Agricultural experiment station honors exceptional staff, researchers

For the Telegram
Posted 5/29/24

Laramie – The Wyoming Agricultural Experiment Station (WAES) recently commended faculty, staff and students for exemplary research accomplishments at an annual awards banquet in Laramie.  

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Agricultural experiment station honors exceptional staff, researchers


Laramie – The Wyoming Agricultural Experiment Station (WAES) recently commended faculty, staff and students for exemplary research accomplishments at an annual awards banquet in Laramie.  

WAES is the research arm of the University of Wyoming College of Agriculture, Life Sciences, and Natural Resources. Honorees included staff members of research and extension centers across the state as well as campus-based faculty and students within the college. 

Outstanding accountant goes above and beyond

Amy Newman achieved the Kathleen Bertoncelj WAES Staff Award, named for a former WAES administrative assistant. The award honors a staff member who excels in their position. 

Newman is an accountant at the Laramie Research and Extension Center (LREC). She is superb at planning ahead for a variety of research, extension and education programs. While managing accounts for the Department of Animal Science, she also provides support to UW faculty and LREC administration. 

“Not only is her role in the AES system crucial, but her performance and personal conduct in this role is impressive,” says Cody Gifford, assistant professor in meat sciences. “She has a very positive attitude, has a tremendous work ethic and embodies the positive qualities that make our land grant institution successful.”

Molecular biologist acknowledged for significant early achievements

Thomas Boothby, assistant professor in the department of molecular biology, is this year’s recipient of the Early Career Research Award, which recognizes someone with less than six years of experience directing independent research. Boothby studies how tardigrades survive in extreme conditions. This research could help create alternatives to storing biomedical materials in cold temperatures.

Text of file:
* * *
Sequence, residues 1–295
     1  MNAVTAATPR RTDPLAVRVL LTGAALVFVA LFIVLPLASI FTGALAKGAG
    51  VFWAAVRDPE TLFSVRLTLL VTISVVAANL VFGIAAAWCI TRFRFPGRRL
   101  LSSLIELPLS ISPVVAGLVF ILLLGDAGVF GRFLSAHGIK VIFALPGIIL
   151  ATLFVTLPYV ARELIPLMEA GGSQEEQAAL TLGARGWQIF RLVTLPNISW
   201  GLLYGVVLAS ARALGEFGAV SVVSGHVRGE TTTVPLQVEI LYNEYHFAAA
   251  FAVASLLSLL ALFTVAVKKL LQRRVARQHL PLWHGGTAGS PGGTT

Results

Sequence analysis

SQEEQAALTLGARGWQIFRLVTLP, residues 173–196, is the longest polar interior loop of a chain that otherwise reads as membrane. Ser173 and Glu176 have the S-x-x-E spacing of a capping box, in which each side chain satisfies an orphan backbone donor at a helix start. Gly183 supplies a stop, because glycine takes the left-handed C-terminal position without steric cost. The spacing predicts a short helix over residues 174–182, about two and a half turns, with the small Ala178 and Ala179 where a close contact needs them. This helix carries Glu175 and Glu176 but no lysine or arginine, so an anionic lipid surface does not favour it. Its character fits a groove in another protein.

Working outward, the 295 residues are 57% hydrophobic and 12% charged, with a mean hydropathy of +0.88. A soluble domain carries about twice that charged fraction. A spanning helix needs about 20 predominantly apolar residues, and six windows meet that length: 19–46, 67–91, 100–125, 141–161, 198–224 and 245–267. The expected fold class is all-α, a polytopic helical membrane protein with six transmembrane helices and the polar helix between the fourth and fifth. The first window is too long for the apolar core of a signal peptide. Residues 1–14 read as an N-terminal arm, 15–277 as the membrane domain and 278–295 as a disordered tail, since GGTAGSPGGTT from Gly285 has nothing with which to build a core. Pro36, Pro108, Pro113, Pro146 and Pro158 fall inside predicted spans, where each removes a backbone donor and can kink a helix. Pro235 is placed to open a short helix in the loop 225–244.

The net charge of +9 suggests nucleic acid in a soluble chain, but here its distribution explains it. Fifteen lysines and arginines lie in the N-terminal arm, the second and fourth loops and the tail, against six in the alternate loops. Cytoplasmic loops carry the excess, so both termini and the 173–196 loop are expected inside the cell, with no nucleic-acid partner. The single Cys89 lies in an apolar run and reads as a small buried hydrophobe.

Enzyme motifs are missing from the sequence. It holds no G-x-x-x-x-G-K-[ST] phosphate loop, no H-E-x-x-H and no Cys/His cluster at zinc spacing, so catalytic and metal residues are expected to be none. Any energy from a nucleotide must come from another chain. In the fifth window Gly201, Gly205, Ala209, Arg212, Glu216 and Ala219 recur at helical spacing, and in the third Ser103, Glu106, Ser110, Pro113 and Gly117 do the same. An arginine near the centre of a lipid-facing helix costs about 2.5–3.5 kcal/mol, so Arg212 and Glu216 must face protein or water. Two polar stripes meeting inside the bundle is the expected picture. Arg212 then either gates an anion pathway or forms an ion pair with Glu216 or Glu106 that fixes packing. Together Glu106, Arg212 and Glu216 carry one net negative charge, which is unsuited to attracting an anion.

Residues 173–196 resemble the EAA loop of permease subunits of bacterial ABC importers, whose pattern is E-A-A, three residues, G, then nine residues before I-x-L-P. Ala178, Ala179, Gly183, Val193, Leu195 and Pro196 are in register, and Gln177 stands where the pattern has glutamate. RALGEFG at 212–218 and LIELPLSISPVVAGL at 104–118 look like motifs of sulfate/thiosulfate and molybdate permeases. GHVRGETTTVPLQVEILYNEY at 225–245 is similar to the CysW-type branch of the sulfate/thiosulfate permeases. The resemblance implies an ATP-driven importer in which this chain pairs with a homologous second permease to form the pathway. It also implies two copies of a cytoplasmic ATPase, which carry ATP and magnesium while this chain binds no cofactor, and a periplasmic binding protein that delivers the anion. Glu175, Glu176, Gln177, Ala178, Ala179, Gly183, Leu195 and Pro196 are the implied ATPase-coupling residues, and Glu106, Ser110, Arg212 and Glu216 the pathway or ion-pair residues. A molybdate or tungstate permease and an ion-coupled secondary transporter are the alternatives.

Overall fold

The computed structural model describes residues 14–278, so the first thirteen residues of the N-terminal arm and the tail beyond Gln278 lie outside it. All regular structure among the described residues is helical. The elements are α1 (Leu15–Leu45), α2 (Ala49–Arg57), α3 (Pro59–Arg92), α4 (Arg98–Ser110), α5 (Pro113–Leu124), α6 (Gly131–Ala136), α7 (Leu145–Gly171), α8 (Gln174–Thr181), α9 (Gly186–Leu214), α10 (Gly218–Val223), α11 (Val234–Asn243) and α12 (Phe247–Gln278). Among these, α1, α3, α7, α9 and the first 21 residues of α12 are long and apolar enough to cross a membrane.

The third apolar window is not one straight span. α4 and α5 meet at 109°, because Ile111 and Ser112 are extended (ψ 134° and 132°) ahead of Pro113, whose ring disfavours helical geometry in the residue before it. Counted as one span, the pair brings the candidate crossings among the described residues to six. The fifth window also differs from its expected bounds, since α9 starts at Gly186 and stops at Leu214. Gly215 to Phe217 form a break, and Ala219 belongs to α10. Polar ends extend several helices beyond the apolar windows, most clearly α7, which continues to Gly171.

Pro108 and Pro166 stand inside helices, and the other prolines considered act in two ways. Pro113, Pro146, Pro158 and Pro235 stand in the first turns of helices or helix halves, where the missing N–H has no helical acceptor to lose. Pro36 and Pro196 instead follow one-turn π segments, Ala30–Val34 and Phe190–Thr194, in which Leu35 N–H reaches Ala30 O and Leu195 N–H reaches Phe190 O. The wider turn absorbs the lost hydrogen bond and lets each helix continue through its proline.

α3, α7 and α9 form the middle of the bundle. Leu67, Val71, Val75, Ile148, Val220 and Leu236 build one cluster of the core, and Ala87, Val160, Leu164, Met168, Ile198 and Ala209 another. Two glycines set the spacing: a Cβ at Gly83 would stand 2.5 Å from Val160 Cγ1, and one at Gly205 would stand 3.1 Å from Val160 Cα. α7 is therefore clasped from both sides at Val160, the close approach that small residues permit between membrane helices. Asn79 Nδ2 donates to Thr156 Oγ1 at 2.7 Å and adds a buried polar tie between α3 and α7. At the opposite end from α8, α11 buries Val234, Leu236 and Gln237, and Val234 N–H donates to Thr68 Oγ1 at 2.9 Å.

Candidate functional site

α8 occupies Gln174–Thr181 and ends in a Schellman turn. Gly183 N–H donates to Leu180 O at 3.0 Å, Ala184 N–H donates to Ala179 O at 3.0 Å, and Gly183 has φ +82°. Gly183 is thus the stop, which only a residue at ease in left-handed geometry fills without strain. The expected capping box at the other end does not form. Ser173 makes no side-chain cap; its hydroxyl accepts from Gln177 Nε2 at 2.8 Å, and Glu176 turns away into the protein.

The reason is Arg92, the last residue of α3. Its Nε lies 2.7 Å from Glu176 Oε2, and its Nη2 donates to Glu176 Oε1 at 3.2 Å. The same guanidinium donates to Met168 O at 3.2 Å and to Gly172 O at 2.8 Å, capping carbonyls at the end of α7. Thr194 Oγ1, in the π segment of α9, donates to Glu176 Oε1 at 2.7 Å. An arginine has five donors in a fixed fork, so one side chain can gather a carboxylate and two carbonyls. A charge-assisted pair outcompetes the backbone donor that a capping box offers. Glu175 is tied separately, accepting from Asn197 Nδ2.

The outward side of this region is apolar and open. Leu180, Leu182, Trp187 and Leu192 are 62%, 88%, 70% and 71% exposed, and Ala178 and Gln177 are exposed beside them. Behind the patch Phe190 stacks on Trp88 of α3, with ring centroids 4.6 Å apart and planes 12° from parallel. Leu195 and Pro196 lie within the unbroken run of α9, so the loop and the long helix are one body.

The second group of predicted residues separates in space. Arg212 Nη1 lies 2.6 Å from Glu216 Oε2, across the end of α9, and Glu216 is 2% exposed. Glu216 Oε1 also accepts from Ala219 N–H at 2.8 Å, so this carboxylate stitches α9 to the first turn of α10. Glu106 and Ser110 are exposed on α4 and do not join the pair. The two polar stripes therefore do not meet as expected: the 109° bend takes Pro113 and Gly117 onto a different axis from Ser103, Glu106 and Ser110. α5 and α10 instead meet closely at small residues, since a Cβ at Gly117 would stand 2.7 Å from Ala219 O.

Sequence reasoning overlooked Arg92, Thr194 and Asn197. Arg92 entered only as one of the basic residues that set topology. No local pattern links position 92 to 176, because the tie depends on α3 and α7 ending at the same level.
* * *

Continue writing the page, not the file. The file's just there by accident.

Boothby’s lab was established in 2019 and currently includes over 30 trainees. In four and a half years, his lab has won several large grants and published ten papers.

“The sheer volume and quality of his work, especially in such a short period, are testament to his prodigious research capabilities,” says the chair of the Department of Molecular Biology Jay Gatlin. “His work is not only admired but is also on its way to becoming seminal in the fields of disordered proteins and protein condensation.”

Diligent scientist wins research support award

Beth Fowers, an assistant research scientist at the Sheridan Research and Extension Center (ShREC), received the research support award.

Nominators commented on Fowers’ willingness to lend a hand and ability to catch details others miss. She conducts independent research, trains and supports students, manages the greenhouse facilities at ShREC and participates in outreach. 

“Dr. Fowers is one of the most committed professionals I have ever worked with, and many people do not realize it because of her humble and reserved interaction style,” says Brian Mealor, Director of ShREC. “If I absolutely need something done right, I go to Beth first.”

Senior faculty member lauded for applied research